This week’s feedback addresses the solution to the distant starlight problem by astronomer Dr Jason Lisle of ICR (of AiG at the time of writing—Ed.), the Anisotropy Synchrony Convention (ASC). CMI’s Dr Jonathan Sarfati, responds.

Dale H. from the United States writes:

In an online discussion, I’ve found myself debating the use of ASC with regard to the Bible. It nearly always ends up arguing about if the one way speed of light has been measured, then I get bombarded by dozens of so called experiments that supposedly have proven it, but i then point out all of these experiments have been conducted within the same reference frame as Earth, I won’t list the list I was given. When you apply ISC toward frames with different velocities, paradoxes like Relativity of Simultaneity occur, right? So to blanket the entire universe with one synchrony convention, for all velocities, and all locations, is not possible is it? To argue that ISC is better than ASC, is like arguing the metric system against the English system, they aren’t competing models per se. It’s also begging the question, since they are assuming ISC is correct to argue against ASC, when that may not be the case, it also denies the Simultaneity Thesis, which they continue to ignore. I pointed this out, and this was the response I got. This is a physicist quoting another person in the discussion that responded to me directly.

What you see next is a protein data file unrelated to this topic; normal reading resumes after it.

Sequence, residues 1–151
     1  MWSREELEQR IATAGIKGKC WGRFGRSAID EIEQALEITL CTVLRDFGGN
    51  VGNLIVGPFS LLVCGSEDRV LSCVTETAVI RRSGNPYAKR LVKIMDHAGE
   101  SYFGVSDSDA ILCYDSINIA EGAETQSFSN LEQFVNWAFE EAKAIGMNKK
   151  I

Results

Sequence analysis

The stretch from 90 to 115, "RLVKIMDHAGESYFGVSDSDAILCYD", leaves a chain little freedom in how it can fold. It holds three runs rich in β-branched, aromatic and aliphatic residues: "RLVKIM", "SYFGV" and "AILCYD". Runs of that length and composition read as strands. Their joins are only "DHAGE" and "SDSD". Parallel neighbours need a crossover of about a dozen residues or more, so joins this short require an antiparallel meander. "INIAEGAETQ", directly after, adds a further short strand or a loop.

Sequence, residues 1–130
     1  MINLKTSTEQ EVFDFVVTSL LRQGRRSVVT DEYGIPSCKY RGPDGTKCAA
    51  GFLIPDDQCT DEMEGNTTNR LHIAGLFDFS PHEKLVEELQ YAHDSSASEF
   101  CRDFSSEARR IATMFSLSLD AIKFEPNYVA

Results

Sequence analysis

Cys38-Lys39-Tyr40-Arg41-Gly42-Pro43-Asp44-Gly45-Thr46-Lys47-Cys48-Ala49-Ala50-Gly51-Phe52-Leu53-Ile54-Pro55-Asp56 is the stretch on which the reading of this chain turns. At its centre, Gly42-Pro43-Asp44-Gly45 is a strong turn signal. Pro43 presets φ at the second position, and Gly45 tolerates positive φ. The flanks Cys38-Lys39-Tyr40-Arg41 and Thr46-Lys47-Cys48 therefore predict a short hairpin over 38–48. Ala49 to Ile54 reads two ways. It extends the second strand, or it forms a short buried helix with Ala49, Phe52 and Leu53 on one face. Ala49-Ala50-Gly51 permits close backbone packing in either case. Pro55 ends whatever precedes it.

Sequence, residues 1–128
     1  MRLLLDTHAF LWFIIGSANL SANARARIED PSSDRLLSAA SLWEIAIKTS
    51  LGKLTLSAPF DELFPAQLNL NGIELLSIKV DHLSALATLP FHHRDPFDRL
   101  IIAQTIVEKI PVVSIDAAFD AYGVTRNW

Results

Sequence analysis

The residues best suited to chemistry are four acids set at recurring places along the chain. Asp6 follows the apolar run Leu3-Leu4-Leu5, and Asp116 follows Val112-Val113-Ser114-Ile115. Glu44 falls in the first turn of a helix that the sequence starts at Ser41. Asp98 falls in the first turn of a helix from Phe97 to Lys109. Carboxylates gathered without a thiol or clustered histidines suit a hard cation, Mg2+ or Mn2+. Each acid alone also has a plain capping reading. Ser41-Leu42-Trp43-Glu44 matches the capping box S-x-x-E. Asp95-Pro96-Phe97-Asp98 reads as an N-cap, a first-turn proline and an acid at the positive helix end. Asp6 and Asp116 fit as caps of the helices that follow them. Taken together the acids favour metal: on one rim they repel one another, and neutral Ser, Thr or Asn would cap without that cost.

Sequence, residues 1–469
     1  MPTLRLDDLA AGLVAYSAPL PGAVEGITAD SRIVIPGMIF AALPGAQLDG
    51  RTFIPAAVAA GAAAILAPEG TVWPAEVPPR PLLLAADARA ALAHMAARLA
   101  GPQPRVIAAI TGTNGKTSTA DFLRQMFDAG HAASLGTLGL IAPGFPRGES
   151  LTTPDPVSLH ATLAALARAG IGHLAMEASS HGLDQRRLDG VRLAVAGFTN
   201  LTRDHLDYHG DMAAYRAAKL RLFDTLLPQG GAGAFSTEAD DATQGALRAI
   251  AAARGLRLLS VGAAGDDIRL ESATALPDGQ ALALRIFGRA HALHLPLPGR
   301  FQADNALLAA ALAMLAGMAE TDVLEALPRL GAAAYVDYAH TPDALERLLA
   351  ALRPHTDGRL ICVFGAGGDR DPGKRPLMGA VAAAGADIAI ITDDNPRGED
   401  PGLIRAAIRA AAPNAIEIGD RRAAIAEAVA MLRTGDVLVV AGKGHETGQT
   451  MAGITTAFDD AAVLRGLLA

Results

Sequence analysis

“Hmm—I think you may be right! I will have to ask if there are any physicists lurking here that can give a definitive answer.

But, if light speed is very high only towards the earth, how is it we observe a younger universe the farther away we look? The farthest galaxies should look the same in age as the nearest … and they don’t.”

Physicist:

“Exactly. The universe looks ‘younger’ the farther out we look. The galaxies are smaller, younger (in terms of star metallicity), there are more collisions per unit area and so forth.”

Another aspect/observation (though I don’t know how this would necessarily work out in an anisotropic scenario), we can see light propagating across the interstellar medium, and in all cases light (or the timing of light reflections anyway) behaves as though light propagates at essentially uniform speed in all directions….

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